This season's Premier League is set to go down in history as the most exciting ever.
Not only do we have a good old fashioned relegation scrap that looks like involving 11 teams, but the top seven are all still in with a shout of winning the title, being separated by just 11 points.
GMS contributor Brad Peterson has decided to assess the chances of all seven teams who realistically could still lift the Premier League trophy at the end of the season.
This article looks at what Chelsea need to do if they want to be carved on to the trophy as Premier League Champions 2014.
Last summer, Jose Mourinho returned. Since leaving in September 2007, Mourinho ended a highly successful spell with Inter Milan with an unprecedented treble, before battling arguably the greatest club side in history as manager of Real Madrid; a period that cannot be discounted as anything less than a success.
At the expense of the fury of Chelsea fans, you couldn't categorically state he has been greatly missed results wise, with the Premier League title, FA Cup, the Europa League and, most remarkably, the elusive Champions League trophy all lifted since the Portuguese's exit.
Yet it was inevitable that this special bond between club and manager would be reunited at some stage, and the summer saw Mourinho return to his spiritual home to great excitement.
Having lost ground in recent years to both Manchester clubs, the Mourinho factor, along with managerial changes at those clubs, swung the pendulum ever so slightly in Chelsea's favour as they were seen as joint favourites alongside City.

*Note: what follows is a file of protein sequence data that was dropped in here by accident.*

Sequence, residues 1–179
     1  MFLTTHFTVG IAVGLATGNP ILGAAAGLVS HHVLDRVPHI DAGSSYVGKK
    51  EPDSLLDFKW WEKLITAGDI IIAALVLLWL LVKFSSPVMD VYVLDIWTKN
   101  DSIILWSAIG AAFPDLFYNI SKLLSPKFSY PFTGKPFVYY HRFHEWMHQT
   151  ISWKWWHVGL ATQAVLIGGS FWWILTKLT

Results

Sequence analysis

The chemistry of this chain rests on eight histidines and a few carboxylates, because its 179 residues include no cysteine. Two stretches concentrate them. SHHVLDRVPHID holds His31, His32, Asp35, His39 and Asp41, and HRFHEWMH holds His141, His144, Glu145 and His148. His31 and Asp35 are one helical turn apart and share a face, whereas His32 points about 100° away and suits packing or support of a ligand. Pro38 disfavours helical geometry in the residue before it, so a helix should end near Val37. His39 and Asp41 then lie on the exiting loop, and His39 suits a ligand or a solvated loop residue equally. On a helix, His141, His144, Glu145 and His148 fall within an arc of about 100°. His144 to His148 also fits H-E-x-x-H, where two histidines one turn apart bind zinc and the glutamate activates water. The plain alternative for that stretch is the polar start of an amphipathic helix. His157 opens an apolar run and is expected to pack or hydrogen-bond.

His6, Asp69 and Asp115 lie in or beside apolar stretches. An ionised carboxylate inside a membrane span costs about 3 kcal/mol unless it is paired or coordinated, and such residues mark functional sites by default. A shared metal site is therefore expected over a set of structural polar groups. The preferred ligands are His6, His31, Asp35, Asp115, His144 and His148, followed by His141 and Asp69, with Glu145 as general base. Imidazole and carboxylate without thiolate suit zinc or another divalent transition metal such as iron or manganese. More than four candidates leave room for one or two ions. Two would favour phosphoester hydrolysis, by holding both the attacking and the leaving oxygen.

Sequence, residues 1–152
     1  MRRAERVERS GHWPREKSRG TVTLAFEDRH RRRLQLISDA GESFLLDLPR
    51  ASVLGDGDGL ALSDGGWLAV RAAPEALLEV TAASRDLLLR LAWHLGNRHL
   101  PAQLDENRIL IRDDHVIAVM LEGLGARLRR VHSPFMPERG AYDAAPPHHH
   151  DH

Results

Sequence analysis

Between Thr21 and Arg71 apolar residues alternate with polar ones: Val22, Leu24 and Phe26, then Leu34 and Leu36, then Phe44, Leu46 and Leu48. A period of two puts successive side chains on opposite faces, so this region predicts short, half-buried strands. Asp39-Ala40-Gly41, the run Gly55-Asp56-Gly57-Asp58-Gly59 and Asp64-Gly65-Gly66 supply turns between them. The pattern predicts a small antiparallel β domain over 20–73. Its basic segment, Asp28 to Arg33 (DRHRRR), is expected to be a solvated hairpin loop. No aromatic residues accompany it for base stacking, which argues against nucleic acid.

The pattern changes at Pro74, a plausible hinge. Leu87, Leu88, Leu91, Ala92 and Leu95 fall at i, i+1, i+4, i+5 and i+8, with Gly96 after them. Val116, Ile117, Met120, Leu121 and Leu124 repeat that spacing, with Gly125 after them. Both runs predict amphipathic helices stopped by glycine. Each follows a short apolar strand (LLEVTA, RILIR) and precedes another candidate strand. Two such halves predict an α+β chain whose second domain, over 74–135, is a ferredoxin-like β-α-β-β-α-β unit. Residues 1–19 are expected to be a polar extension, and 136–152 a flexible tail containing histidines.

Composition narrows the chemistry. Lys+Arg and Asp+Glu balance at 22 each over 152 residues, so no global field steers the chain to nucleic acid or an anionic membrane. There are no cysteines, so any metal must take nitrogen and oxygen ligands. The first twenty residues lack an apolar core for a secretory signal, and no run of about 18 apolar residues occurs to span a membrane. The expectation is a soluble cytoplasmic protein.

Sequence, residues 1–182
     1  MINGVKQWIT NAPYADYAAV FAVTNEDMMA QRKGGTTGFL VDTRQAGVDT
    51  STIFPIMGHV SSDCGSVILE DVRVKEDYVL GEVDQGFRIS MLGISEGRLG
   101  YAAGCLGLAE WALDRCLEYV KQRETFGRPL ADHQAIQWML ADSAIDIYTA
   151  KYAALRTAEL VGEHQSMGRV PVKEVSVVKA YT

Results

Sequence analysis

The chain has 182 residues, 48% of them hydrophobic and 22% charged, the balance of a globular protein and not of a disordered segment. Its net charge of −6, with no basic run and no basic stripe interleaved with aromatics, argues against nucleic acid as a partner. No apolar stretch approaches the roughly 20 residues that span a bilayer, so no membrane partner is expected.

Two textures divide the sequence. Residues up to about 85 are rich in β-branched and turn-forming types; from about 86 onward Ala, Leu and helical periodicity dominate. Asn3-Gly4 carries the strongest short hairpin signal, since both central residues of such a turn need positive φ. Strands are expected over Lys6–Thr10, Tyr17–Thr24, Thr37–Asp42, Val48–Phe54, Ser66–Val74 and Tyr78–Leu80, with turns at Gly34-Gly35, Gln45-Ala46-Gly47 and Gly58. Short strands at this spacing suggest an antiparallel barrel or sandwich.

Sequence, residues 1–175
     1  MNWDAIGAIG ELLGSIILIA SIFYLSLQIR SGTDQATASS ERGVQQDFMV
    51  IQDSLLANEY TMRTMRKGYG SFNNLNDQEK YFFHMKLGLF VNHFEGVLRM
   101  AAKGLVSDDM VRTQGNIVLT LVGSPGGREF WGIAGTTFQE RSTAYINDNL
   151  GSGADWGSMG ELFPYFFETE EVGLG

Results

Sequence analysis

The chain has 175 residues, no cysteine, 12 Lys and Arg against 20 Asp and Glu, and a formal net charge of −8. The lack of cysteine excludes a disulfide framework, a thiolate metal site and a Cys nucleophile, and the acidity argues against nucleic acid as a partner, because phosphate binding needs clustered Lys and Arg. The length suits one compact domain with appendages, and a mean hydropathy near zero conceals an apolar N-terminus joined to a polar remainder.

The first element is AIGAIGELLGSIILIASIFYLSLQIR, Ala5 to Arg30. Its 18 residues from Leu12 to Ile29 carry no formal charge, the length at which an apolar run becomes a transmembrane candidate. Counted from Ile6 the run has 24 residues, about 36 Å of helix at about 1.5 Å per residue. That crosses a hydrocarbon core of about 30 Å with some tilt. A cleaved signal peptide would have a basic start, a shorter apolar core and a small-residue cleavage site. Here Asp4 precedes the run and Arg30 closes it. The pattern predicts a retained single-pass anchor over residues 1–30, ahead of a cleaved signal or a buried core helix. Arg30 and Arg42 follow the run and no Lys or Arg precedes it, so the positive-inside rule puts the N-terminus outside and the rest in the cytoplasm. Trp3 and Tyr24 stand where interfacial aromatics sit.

Aside from perhaps their joint favourites, Chelsea have arguably the strongest team on paper, with terrific strength in depth in all areas of the pitch. Their strike force may have been much criticised but on his day Fernando Torres can still be a handful.
Yet any striker who is backed up by the world class attacking talent Chelsea boast in midfield will be gifted chances, with the Chelsea product's unique selling point certainly the three in their 4-2-3-1 formation.
Eden Hazard is slowly proving why he was earlier suggested as being a rival to Lionel Messi, whilst Oscar has flourished following a successful first season in England. Willian and Andre Schurrle have both settled well in England too, and thus it speaks volumes to the strength in depth that Chelsea's Player of the Year for the last two seasons, the mercurial Juan Mata, is often relegated to the substitutes bench. Whilst many a Premier League observer will argue for his inclusion, one can simply state 'trust in Mourinho'.
Yet unlike some squads who may overly rely on their attacking options to make up for their defensive frailties, Chelsea can boast some of the best defenders in the league. Any rumours of John Terry's age catching up with him have been dispelled with a series of heroic performances at the heart of defence alongside an improving and reliable Gary Cahill and the fan favourite David Luiz.
On the flanks, Ashley Cole still possesses the qualities that have seen him stake a claim of the best full back of the last decade, while Branislav Ivanovic has become a vital rock at the back, with Cesar Azpilicueta providing an terrific alternative option.
With Petr Cech as solid as ever in the last line of defence, facing the Chelsea team is a daunting task. And to think, I haven't even mentioned their all time top goalscorer, the evergreen Frank Lampard, or his midfield partner Ramirez. Solid.
It is all too easy to say that great individuals will create a great team, yet they certainly have the credentials to do so. Mourinho's teams have largely been built on a solid, well organised defence, before hitting teams on the counter with blistering attacks.
The players they possess can tick the boxes for both of these important factors, and thus it is scary that Chelsea are still in such contention at this stage of the season despite it being argued that they still haven't yet reached their top gear regularly enough thus far.